Additional references to dams in the Negev — and particularly adjacent to Gaza — can also be found in a book entitled Water and Peace in the Middle East, edited by J. Isaac and H. Shuval and published in 1994 (hat tip to “Lana”, commenter number 25 ). Here is an excerpt :

Wadi Gaza which flows during the winter season, originating from the Hebron mountains in the east and ends at the sea shore south of Gaza, has been blocked by Israel. Several dams were built along the way preventing the water from flowing into the Gaza Strip which otherwise would have provided a valuable source of water to be used for irrigation and for compensation for the lost pumped out water. There are no known figures of the amount of water this wadi brings, but it would have been a great help to the irrigation in the middle zone of Gaza.

Note, of course, the words “the middle zone of Gaza.” Recall also that both Press TV reports, from 2010 and 2012, described the flooding as occurring in the central area of Gaza. Hearken back also to the announcement by Shanti this past December 13, as reported by Ma’an:

He warned that residential areas within the Gaza Valley would be flooding within the coming hours.

Flooding in central Gaza, and the opening of dams there, is also mentioned in this report, posted December 15, from the Palestine Information Center:

GAZA, (PIC)– Hundreds of houses in central Gaza Strip were flooded as the Israeli occupation forces (IOF) on Saturday afternoon opened the earth dams east of the town of Wadi Salaqa in Deir al-Balah.
The IOF established many earth dams east of the Gaza Strip to collect rainwater to use it; however in case the levels of water increase they open these dams and water flows to Gaza.
Palestinian sources told Quds Press that the rescue teams and civil defense have evacuated 40 families including 200 people from the town of Wadi Salaqa and brought them to a shelter center.
The sources added that 300 families have been moved to the shelter center of Hussein School run by the UN Relief and Works Agency for Palestine Refugees “UNRWA” in Jabalya north of the Gaza Strip.
The Municipality of Gaza appealed to the residents living in low-lying areas in the Gaza Strip to evacuate their homes before the evening for fear their houses will be flooded with rainwater.

The town of Deir al-Balah, cited in the lead paragraph above, is mentioned in a lot of other reports on the Gaza flooding as well.

The area seems to have been especially hard hit. If you look at it on Google Maps you will see that it is pretty much smack dab in the middle of Gaza. But just a few miles to the south and west of there lies the town of Khan Yunis, where a 21-year-old girl named Rana lives. Rana wrote the following report…and yes, she too mentions the dams:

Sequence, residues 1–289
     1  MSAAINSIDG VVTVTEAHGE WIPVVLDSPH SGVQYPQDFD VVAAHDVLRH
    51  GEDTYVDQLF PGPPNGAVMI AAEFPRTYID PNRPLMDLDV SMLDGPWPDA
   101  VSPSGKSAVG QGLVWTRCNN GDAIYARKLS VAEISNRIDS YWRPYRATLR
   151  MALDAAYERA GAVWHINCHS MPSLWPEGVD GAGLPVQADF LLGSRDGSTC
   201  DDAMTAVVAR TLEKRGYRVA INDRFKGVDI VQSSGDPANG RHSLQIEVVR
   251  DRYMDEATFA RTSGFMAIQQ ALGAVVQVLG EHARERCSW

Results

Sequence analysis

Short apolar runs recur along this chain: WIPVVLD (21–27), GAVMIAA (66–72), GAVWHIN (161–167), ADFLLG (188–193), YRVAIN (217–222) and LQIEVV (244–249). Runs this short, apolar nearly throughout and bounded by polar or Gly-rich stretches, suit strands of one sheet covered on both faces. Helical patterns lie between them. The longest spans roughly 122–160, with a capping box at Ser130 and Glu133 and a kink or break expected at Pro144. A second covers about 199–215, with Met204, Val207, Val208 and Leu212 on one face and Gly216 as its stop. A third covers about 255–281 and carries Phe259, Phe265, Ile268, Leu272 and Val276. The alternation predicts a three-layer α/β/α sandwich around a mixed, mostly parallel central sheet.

My name is Rana. I have lived in the city of Khan Yunis in the Gaza Strip all 21 years of my life. What is happening in Gaza is not fiction but a bitter reality, which we lack the means to defend ourselves against. In the last few days, an unusually powerful storm has flooded many areas, displacing hundreds of residents from their homes. Children are without shelter from the cold and rain. Entire neighbourhoods are sinking.
My family and I spent four days in darkness in below freezing weather: no electricity, no water and no heat. I was so cold, I couldn‘t leave my bed and the small comfort it and my blankets provided. The cold felt like it penetrated my bones. Yet, I am lucky. I witnessed many people as they became homeless, their children desperate for food and warmth.
Friends called to tell me about the flooding and freezing in their areas. I felt bad, unable to help.
Power lines are down and our streets are filled with raw sewage. Greenhouses have been destroyed, affecting farmers and reducing the already minimal food supply we Gazans are forced to survive on.
Making conditions worse, Israel opened two dams, releasing a torrent of water that inundated many homes. As their houses sank, some of my neighbours nearly drowned. Fortunately, rescue workers came to their aid.
All of this was not enough for Israel. Its soldiers have been shooting at civilians in the village of Khuza’a, to the east of my city. Unarmed residents, women and children, attempting to flee the flooded town, were driven back for fear of being shot.
Israel’s action, assisted by the world’s silence, increases our suffering. Where is the international law we hear so many people talk about but never implement? Where is the community that talks about justice and humanitarian support? If my people are prevented from obtaining the basic requirements of life at least we should speak up and raise our voices.
Another storm is expected to hit my vulnerable homeland next week, bringing with it more suffering and more homelessness. When will the world wake up and treat us like human beings?
Rana Alshami, Khan Yunis, Gaza Strip

If you once again go to Google Maps you will notice that Khan Yunis lies in fairly close proximity to two reservoirs. Of the five reservoirs Israel maintains along the Gaza border, these are the two southernmost. They are small, but if water somehow were diverted from them, the effect upon the people in the nearby Gazan villages would probably be not inconsiderable.